The court announcement comes after the Journal published a series of articles highlighting the problems faced by some families and loved ones when someone says an elderly family member can no longer fend for themselves and becomes a ward of the court.
The Journal investigation found New Mexico lags behind other states that have instituted reforms to improve transparency in the mostly confidential system, as well as make guardians and conservators more accountable to the courts, including requiring certification or licensing.
The Journal has interviewed many family members who have had a loved one placed under guardianship or conservatorship; they have shared unsettling stories of how the system divided relatives, squandered finances and sometimes prevented them from spending time with their “incapacitated” parent. Although the current system has served many families well, these testimonies leave no doubt that improvements are direly needed.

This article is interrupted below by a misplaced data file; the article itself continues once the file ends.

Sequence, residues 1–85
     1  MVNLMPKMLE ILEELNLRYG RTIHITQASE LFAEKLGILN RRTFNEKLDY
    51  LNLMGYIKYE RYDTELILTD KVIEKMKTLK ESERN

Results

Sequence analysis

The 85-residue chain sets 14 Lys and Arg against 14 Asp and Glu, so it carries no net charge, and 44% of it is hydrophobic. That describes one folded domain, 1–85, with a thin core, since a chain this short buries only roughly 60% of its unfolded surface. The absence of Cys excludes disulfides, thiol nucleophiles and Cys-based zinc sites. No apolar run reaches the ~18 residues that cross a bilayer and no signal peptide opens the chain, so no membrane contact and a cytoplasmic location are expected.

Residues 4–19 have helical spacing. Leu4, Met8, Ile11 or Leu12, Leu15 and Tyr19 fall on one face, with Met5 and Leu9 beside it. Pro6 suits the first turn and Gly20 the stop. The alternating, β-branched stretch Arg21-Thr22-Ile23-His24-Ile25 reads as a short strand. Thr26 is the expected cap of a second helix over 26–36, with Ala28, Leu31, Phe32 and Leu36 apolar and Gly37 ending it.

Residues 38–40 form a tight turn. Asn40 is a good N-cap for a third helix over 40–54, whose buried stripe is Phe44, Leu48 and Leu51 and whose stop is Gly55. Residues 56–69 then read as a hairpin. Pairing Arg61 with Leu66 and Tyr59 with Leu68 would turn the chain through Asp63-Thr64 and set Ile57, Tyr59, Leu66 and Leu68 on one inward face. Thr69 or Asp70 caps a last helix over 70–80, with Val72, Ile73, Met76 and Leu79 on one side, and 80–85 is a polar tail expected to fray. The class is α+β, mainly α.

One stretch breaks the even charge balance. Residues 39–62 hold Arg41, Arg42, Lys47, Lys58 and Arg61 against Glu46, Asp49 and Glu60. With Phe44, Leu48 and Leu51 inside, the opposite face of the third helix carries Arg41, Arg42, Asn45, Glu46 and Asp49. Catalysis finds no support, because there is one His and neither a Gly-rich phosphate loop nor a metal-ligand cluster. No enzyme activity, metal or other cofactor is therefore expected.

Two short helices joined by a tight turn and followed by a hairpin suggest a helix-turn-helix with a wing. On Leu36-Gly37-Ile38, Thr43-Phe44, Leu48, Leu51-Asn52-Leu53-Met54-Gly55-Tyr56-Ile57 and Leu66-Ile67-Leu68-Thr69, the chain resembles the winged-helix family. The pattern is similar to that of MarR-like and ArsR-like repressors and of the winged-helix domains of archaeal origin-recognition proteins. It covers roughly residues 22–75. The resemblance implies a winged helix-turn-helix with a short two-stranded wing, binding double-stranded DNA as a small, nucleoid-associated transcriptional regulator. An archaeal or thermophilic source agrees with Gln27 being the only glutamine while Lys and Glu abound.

Daniels says if improvements are warranted, the court could seek legislation; recommend executive agencies enact greater safeguards, or change court rules. Former state Rep. Conrad James, R-Albuquerque, who tried to pass a bill in 2016 to permit visitation by family members of a loved one under guardianship, said at the recent Journal forum “baby steps” might be needed to get the reform ball moving.
What the state Supreme Court has done is a giant leap in the right direction.
This editorial first appeared in the Albuquerque Journal. It was written by members of the editorial board and is unsigned as it represents the opinion of the newspaper rather than the writers.